This means I now have to live with my seizures, whether they be epileptic or not. Some scans have come back showing Epileptic activity and other times they show nothing, however the seizures continue. When I tell people I have seizures, they usually think I simply have moments of weakness where I shake my body around a bit. I wish that were true. I would like to share a few of my own experiences in the hopes of informing people about the reality of living with seizures and not just epileptic ones either, but seizures in general.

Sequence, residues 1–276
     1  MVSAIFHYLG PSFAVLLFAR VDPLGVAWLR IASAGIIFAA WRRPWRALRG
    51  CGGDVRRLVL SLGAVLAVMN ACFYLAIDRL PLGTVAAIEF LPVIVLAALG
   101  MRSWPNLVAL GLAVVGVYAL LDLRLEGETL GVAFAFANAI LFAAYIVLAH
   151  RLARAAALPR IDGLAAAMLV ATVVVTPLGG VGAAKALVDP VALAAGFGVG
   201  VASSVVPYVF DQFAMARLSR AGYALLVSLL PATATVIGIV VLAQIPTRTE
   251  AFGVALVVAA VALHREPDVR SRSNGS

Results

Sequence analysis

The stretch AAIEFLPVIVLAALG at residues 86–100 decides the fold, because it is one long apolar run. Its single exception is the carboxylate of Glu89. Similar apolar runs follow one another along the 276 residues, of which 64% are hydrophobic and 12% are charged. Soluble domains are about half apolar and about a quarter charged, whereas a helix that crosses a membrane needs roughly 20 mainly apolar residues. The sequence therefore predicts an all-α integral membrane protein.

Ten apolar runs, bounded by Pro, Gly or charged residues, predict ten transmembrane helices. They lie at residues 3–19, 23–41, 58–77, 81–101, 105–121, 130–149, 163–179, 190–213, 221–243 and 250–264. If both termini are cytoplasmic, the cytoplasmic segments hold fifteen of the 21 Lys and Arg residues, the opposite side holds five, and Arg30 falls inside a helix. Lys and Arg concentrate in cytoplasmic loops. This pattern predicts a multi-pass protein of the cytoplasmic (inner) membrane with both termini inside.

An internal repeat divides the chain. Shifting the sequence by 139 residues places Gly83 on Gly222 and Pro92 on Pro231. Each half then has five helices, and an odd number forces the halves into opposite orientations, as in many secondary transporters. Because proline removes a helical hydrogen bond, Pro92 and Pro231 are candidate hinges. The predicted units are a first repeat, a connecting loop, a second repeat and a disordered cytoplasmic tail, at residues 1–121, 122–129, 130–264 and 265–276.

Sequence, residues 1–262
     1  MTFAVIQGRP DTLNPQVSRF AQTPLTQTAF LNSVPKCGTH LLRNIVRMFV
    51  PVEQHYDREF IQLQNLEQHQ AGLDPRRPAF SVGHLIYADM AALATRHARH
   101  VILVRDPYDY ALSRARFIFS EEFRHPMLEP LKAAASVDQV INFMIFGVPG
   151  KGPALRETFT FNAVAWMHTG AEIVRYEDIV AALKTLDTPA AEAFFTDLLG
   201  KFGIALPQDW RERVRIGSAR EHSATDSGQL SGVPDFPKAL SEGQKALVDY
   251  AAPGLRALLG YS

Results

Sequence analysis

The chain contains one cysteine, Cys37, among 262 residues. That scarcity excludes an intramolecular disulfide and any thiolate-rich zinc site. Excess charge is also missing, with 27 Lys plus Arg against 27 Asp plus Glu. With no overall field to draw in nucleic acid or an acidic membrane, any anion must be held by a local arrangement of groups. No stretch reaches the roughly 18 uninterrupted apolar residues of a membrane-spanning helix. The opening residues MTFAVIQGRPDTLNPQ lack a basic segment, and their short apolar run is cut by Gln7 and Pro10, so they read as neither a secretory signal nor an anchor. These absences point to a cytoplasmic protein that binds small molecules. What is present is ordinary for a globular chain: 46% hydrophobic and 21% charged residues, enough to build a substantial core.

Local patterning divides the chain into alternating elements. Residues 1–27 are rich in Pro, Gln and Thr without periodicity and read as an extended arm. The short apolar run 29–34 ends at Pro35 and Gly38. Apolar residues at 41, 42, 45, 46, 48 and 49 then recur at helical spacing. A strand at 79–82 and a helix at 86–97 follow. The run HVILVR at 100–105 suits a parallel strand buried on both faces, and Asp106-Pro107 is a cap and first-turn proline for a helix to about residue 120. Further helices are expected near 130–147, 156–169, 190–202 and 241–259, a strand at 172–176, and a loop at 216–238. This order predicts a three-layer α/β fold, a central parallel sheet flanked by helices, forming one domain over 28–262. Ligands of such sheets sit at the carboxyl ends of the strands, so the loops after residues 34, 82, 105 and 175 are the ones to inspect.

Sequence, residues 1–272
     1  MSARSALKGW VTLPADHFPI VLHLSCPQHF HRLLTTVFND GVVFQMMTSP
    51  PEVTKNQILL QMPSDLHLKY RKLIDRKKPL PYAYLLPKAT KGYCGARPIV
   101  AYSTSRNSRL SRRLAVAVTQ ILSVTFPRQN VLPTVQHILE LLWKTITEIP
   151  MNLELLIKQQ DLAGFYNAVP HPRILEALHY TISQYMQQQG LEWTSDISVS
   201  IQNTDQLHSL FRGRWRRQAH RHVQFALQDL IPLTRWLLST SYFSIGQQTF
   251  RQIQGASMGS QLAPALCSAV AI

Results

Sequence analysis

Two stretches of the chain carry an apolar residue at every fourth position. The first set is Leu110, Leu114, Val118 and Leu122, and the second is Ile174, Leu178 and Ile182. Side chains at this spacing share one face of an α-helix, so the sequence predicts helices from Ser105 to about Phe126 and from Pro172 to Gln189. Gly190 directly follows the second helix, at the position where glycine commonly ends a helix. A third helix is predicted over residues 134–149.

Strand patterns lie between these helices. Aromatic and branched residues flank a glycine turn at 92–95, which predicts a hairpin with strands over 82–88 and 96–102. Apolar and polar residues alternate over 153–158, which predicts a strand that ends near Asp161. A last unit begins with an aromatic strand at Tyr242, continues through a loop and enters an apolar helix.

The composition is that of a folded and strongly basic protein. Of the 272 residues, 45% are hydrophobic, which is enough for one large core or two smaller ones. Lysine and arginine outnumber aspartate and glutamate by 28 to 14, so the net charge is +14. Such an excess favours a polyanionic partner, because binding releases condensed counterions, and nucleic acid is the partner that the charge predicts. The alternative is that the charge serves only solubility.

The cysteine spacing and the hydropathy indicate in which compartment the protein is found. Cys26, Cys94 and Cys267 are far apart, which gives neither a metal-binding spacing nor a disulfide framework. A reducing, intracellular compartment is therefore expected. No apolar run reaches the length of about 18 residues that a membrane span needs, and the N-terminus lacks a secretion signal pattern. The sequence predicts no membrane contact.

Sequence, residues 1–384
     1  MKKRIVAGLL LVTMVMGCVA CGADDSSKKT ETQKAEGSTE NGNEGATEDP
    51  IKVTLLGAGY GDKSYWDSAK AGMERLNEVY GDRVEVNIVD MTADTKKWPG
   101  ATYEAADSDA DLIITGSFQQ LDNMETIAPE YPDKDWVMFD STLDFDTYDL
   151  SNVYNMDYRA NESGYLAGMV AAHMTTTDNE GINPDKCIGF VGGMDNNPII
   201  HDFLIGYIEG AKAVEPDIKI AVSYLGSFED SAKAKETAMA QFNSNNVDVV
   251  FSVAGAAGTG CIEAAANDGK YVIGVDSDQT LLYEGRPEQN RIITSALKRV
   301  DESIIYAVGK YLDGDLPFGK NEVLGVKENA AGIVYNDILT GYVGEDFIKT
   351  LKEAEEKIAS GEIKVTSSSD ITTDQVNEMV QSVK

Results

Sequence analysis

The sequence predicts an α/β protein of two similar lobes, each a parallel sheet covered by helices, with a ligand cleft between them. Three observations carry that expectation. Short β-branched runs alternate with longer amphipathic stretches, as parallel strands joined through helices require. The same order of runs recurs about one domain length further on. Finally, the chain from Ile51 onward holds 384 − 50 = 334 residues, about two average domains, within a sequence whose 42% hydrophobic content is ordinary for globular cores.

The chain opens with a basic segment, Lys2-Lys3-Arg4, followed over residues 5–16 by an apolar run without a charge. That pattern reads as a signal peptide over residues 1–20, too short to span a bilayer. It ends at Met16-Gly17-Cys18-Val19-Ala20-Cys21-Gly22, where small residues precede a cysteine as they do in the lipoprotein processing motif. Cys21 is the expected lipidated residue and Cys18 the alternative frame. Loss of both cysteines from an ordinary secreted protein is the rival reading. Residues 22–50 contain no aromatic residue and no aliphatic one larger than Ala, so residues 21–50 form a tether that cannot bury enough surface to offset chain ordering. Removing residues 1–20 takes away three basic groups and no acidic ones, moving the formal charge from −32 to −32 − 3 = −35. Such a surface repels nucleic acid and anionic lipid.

Over the years the amount of seizures I’ve had have impacted on my general health, not only physically, but mentally, psychologically and emotionally. I fear doing basic tasks such as grocery shopping or checking the mail, because too often now, I have collapsed before large crowds of people, during which I’ve even had my handbag, jewellery (including my medic alert), Prescription glasses and even my shoes stolen from me while I have been unconscious. When I tell people about this they seem to think this would be a far and few between incident. Sadly however, it isn’t. Over the years this has happened to me countless times and upon speaking with other seizure sufferers I have learnt that I am not alone in this experience. This has caused me to develop social anxiety to the point where even among friends I find myself chattering consistently about irrelevant topics merely out of nervousness. My brain can no longer seem to identify when I am safe around people and when I’m not, so I constantly fear being around anyone. As simple as that may sound, it’s a nightmare when you are also afraid of being alone for fear of having a seizure whilst in the shower, checking the letterbox or even changing a light globe. The simplest every day task can become a horror story very quickly. Even sitting down with a cup of hot chocolate is dangerous, because if I have a seizure and that liquid pours over me, how long will it be before I am alert enough to put a burn aid over my searing skin? If I have a seizure checking the mail, how many people could walk past and be able to help themselves to my home? And yes, that has happened before. My questionable faith in humanity may be beginning to make sense to you now.